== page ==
What Does the FTC Have to Do With Your App?
If app developers want to avoid the risk of prosecution, they have to make sure they follow the 11 guidelines on mobile app marketing published by the Federal Trade Commission (FTC) in September 2012. The good news is that these guidelines simply describe honest, careful business practices, so an app developer who cares about producing a high-quality product will probably already have these bases covered. Here’s an overview of the FTC rules, as well as a couple cautionary tales about what happens if developers ignore them:
Two of the eleven guidelines center on being honest. You must “tell the truth about what your app can do,” and “disclose key information clearly and conspicuously.” This is essential to building trust with customers, and it’s unlikely that responsible app developers would willfully violate this rule, but the FTC publication points out that “once you start distributing your app, you become an advertiser.” With the boom in app development startups, many entrepreneurs are naively tossing product descriptions into the marketplace without first becoming familiar with laws pertaining to truth in advertising.
The remaining nine guidelines focus on aspects of consumer privacy. These include building privacy protections into the default settings of your product, so that customers have to clearly “opt in” in order to allow their information to be accessed. The guidelines also stipulate that all privacy protections have to be clearly spelled out, that sensitive user data can be collected only with active consent and must be stored securely. Finally, there are some detailed rules specific to protecting the privacy of children.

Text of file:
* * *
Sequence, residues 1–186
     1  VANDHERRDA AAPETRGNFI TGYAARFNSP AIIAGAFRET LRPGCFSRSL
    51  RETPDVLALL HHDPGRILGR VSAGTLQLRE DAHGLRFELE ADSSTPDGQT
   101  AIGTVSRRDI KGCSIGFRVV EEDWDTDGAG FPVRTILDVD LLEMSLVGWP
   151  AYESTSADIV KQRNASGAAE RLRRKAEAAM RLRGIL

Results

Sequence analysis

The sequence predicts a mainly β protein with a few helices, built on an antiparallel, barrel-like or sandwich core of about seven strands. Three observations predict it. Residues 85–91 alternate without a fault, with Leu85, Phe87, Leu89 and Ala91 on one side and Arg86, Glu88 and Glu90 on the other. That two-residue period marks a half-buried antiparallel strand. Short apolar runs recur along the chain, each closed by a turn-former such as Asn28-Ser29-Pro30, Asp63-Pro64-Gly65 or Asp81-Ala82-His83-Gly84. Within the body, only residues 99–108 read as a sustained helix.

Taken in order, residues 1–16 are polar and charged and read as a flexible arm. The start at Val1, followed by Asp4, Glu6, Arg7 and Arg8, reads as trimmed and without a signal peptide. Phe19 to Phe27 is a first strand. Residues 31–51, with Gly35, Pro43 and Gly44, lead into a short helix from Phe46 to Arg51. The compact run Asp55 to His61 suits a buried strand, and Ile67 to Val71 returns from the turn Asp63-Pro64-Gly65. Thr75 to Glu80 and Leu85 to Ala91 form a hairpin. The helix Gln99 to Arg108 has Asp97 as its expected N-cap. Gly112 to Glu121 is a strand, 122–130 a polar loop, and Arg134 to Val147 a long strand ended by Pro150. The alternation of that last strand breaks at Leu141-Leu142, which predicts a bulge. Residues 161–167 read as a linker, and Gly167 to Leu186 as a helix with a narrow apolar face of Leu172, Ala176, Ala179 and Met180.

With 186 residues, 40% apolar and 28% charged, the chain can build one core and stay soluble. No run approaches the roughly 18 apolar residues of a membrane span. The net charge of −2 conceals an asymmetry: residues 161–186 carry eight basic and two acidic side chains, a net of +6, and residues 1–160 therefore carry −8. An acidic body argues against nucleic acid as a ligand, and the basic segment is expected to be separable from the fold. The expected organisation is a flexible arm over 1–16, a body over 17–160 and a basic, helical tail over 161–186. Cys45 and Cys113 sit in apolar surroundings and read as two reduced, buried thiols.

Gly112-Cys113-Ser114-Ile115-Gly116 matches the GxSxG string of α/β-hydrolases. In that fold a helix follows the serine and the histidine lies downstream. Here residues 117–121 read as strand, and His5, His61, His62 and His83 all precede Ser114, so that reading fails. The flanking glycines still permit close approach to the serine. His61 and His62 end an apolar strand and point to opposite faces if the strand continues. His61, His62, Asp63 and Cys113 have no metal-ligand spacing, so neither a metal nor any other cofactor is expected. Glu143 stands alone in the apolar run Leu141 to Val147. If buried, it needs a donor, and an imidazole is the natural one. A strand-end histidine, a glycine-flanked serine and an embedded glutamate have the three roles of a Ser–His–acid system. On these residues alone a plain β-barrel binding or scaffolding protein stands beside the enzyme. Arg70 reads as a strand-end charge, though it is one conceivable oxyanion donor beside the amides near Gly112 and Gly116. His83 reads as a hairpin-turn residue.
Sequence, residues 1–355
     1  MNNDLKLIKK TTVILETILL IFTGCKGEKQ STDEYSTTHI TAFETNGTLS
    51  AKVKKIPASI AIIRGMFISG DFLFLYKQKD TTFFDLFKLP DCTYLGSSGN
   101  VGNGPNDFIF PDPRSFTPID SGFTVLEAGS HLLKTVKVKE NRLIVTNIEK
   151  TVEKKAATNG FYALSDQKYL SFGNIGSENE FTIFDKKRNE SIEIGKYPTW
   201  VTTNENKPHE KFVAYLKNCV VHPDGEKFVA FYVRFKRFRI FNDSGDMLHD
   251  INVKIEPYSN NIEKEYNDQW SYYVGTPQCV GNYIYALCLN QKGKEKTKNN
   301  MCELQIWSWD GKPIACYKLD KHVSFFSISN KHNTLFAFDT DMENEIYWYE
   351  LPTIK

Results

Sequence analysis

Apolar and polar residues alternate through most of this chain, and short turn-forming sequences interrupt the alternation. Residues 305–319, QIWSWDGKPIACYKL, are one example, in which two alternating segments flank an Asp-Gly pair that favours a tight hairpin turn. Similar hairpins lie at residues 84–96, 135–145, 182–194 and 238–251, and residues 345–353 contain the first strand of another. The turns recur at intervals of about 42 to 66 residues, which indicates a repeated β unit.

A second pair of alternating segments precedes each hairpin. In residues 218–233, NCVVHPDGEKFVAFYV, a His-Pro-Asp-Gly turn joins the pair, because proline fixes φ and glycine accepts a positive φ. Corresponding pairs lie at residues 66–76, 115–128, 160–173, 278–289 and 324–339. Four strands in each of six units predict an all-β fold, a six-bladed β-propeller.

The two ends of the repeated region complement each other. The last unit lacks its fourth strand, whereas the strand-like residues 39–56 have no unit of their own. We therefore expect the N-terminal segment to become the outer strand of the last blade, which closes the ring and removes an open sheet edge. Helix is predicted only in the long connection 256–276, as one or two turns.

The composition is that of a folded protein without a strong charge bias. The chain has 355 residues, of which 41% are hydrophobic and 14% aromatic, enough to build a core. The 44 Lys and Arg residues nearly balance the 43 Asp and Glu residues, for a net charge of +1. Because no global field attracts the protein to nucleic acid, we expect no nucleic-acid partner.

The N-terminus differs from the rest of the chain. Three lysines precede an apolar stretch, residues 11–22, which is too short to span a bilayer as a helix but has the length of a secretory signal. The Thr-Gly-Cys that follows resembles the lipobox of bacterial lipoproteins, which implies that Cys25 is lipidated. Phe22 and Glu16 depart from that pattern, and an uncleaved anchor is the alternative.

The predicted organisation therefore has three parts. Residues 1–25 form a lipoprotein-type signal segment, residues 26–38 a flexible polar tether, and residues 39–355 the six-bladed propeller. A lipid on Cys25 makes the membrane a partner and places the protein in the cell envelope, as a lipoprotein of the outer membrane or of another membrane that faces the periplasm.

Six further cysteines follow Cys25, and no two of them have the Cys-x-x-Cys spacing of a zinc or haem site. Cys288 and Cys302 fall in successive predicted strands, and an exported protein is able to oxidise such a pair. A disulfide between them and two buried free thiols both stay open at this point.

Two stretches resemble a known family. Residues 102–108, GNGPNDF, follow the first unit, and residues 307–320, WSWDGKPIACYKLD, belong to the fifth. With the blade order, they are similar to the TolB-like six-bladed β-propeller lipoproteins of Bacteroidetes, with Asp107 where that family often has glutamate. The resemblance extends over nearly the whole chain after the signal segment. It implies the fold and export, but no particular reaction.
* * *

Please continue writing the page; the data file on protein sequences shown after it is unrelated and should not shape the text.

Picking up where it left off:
Despite the fact that the these truthfulness and privacy rules appear to define good basic business practices, it’s possible for app developers to get so caught up in flash and dazzle that they forget to construct basic security architecture. PC Mag reported in March 2014 that Fandango and Credit Karma were both charged by the FTC with violations in the area of app privacy. User credit card information was not protected by SSL (secure socket-layer encryption) even though both apps explicitly promised users that this protection was in place. Furthermore, the two companies had no established processes for vulnerability testing, so the security holes continued for years. Part of the FTC’s ruling in the case requires both companies to undergo independent security testing every other year for the next twenty years, and FTC Chair Edith Ramirez commented, “Our cases against Fandango and Credit Karma should remind app developers of the need to make data security central to how they design their apps.”
Even if an app developer is more motivated by the Apple App Store’s rules than by the FTC guidelines (as ClickZ suggests may be the case), the result going forward will be that all apps will have a strong consumer protection policy in place as a basic component of doing business.